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Young v. Latta

New Jersey Supreme Court

Decided: May 14, 1991.


On appeal from the Superior Court, Appellate Division, whose opinion is reported at 233 N.J. Super. 520 (1989).

For affirmance -- Chief Justice Wilentz and Justices Clifford, Handler, Pollock, O'Hern, Garibaldi and Stein. For reversal -- None. The opinion of the Court was delivered by Clifford, J.


[123 NJ Page 585] In this medical-malpractice case plaintiff settled before trial with one defendant-physician. In rendering a verdict for plaintiff, the jury allocated the percentages of fault as between the non-settling tortfeasor (the only remaining defendant at trial) and the physician who had settled. Although the non-settler had not filed a cross-claim for contribution against the settling defendant, the trial court nevertheless gave the nonsettling tortfeasor the benefit of a credit against the judgment in view of the jury's finding that the settling defendant too had been at fault.

[123 NJ Page 586]

The question posed on this appeal is whether despite his failure to have sought contribution the non-settling tortfeasor is entitled to a credit reducing the amount of plaintiff's judgment against him to reflect the degree of fault that the jury allocated to the settling tortfeasor. The Appellate Division, one judge dissenting, upheld the trial court's ruling granting the non-settling defendant a credit against the judgment. 233 N.J. Super. 520, 559 A.2d 465 (1989). Plaintiff appeals as of right because of the dissent below. R. 2:2-1(a)(2).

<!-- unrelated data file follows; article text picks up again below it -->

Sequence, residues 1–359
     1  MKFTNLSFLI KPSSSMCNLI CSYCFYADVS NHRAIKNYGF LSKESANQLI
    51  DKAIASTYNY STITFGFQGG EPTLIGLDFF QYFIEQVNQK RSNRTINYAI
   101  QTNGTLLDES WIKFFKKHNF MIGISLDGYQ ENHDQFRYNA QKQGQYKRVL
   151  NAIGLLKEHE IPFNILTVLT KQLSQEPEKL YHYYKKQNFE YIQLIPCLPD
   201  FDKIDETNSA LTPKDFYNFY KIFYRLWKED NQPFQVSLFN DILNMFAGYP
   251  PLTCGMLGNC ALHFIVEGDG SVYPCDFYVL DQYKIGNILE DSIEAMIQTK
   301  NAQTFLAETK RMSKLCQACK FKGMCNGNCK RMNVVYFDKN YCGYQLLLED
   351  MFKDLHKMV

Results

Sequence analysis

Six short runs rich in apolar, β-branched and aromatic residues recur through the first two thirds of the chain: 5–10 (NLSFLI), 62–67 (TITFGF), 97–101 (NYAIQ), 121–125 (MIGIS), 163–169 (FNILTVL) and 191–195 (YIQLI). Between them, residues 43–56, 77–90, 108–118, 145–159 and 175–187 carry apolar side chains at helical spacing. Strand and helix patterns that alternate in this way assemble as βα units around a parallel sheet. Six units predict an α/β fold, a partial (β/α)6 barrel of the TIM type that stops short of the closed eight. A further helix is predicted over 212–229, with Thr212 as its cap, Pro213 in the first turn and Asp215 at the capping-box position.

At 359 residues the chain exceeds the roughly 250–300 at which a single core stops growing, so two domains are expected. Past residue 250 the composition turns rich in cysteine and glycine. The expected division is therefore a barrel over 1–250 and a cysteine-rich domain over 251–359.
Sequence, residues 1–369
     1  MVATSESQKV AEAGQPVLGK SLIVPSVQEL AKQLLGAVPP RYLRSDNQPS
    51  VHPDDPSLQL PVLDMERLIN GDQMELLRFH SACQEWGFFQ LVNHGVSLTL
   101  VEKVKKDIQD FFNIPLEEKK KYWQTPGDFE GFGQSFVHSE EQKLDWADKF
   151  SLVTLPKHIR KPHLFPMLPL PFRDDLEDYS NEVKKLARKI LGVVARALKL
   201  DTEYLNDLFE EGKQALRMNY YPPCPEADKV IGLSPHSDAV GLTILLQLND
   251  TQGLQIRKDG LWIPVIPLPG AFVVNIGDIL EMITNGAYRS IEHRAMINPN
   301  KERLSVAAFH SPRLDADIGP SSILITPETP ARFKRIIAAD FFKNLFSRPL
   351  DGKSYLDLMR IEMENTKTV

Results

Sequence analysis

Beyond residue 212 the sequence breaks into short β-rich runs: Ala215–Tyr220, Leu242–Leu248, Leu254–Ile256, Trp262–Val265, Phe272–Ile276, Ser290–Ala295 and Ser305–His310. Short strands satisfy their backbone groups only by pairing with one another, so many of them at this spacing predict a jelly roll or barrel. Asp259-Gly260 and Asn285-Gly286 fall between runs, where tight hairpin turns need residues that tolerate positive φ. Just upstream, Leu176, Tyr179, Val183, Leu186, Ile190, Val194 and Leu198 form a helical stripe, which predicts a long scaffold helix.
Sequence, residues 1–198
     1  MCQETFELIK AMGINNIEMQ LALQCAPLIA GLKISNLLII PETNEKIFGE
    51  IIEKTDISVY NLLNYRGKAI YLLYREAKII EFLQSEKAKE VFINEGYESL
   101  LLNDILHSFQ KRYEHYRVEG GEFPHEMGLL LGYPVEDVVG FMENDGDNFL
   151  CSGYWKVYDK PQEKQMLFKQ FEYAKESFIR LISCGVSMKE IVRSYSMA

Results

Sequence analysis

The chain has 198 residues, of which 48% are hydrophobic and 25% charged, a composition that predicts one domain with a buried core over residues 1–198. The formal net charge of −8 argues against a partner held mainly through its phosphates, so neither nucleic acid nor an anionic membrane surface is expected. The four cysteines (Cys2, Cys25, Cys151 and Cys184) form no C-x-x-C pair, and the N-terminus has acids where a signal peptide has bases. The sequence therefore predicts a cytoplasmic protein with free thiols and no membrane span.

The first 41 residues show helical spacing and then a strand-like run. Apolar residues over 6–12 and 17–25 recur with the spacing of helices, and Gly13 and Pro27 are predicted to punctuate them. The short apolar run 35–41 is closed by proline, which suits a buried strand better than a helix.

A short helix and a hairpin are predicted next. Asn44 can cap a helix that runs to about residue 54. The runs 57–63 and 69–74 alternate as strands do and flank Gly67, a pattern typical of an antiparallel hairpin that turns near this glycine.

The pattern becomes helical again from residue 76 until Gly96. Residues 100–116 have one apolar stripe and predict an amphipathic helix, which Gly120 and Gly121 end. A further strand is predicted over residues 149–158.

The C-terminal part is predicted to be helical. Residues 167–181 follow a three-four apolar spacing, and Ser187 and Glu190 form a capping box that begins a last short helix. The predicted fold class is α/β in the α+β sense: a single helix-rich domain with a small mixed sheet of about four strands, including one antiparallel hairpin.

We agree with the dissenting judge's conclusion that our Rules as currently drafted require that a non-settling defendant file a claim for contribution before the trier of fact can decide the fault of a settling defendant so that the court can calculate a credit in favor of the non-settler. However, because we are convinced that the procedural obligation now imposed by the Rules fails to take account of the practical problems inherent in litigating cases such as this, we conclude that our Rules should be amended to reflect the realities of the courtroom.

We hold that a credit is available in every case in which there are multiple defendants, whether or not a cross-claim for contribution has been filed. Because we are satisfied that plaintiff in this case had adequate notice that the settling defendant's negligence would be at issue, we conclude that plaintiff was not prejudiced by the trial court's ruling. We therefore affirm the judgment below. In addition, we refer this opinion to the Civil Practice Committee for the drafting of appropriate Rule amendments to accommodate our decision.